About 4.5 million people were eligible to cast ballots for a new leader to replace Mr. Preval, along with 11 of 30 senators and all 99 Parliament deputies.
“We do our job. President Preval is the head of state and makes decisions to put us in the right direction, but he cannot just tell us to do this or that,” Mr. Dorsinvil said in an interview last week.
As much as $900 million of $2.12 billion pledged by the top 24 donor nations has been disbursed for Haiti recovery, according to a Nov. 23 U.N. Development Program report.
The candidates gave few hard details about how they plan to rebuild the country. Several ministries are still being operated out of temporary shelters. Instead, the campaign in dusty Port-au-Prince was focused on putting up colorful campaign posters to decorate the rubble in sprawling tent camps.
But nearly all of more than a dozen Haitians interviewed by The Washington Times expressed apathy for the election and said they would not vote.
Among the top candidates are Mrs. Manigat and Mr. Celestin, a 48-year-old engineer. Another is Michel Martelly, 49, a pop star revered among poor Haitians and known for blasting his Kompa dance music at his large rallies.
The weeks before the campaign were marred by deadly outbursts as gunfire in street clashes between rival factions. Adding to the chaos, at least one person was killed in Nov. 15 protests against U.N. peacekeepers in Haiti’s second-largest city, Cap-Haitien, in demonstrations triggered by claims that Nepalese soldiers introduced cholera into the country.
Though the U.N. force of 8,900 “blue helmet” troops and 3,200 police officers is mandated to play a support role for Haitian police, the foreign force outnumbers the underpaid, ill-equipped Haitian force of 9,000 police. The military was abolished in 1995.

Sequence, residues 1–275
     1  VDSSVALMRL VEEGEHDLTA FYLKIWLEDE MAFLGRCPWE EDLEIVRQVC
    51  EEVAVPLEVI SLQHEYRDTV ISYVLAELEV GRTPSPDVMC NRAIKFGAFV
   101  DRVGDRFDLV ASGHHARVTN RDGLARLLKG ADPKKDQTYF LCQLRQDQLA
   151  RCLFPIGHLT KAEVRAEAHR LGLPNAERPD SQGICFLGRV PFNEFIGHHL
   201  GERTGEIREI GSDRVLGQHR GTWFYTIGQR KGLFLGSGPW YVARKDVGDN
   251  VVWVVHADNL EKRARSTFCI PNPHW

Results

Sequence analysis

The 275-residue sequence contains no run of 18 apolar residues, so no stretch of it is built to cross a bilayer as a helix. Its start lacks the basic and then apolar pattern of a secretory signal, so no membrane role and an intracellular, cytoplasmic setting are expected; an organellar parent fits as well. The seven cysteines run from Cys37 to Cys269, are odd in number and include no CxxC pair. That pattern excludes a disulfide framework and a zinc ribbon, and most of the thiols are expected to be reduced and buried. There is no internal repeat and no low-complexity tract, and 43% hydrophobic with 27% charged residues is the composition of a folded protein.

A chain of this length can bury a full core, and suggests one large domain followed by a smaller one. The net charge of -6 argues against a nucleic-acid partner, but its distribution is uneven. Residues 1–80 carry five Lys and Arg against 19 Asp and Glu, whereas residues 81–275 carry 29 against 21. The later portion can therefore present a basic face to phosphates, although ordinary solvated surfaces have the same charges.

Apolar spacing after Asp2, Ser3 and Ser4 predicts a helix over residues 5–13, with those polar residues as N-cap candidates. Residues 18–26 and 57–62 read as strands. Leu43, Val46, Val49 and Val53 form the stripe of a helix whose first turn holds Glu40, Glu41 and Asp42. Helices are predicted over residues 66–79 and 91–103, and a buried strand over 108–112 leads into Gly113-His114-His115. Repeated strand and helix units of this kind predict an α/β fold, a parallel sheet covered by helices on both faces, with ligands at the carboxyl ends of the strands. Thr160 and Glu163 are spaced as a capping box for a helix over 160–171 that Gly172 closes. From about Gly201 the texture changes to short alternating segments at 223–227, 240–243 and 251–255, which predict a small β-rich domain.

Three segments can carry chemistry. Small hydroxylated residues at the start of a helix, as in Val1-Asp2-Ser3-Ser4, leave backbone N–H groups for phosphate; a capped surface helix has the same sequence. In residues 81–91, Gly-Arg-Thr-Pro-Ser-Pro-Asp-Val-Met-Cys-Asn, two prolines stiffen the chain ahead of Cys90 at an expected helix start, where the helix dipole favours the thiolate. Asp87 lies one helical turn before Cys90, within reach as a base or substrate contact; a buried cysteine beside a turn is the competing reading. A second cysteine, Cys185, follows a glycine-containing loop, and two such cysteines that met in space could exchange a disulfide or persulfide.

“We are assisting them, but because we have the equipment and the training, it looks like we’re taking over. But we have to stick to our mandate,” said U.N. police Officer Andre LeClerc as he met with Haitian police for a joint patrol.
The U.N. has had five peacekeeping missions in Haiti over the past 17 years, with the current one beginning in 2004. Haiti has depended on foreign aid for everything from food to reconstruction for decades.
Since the earthquake, businesses have begun catering to the growing number of aid workers, providing cell-phone package deals for non-governmental organizations and to specialty food imports. Aid workers browsing the shelves at a supermarket in the relatively upscale neighborhood of Pentionville near the capital found few Haitian products among the organic chai tea and microwavable flatbread melts.
Another new economy is sprouting in Haiti’s tent camps, with barber shops, book vendors and entire markets popping up within. A man hawked pirated CDs in a tent camp in front of the half-collapsed presidential palace on a recent afternoon as U.N. police patroled nearby.
Some Haitians see the peacekeepers, who have increased their presence since the quake, as the only way to keep order in a country wrought by Job-like misfortune and where leaders are routinely ousted in coups.
But those who say the forces threaten Haitian sovereignty were bolstered by reports that the a U.N. camp in northern Haiti may have caused the cholera outbreak that has produced 70,000 cases due to leaky septic tanks.View Entire Story
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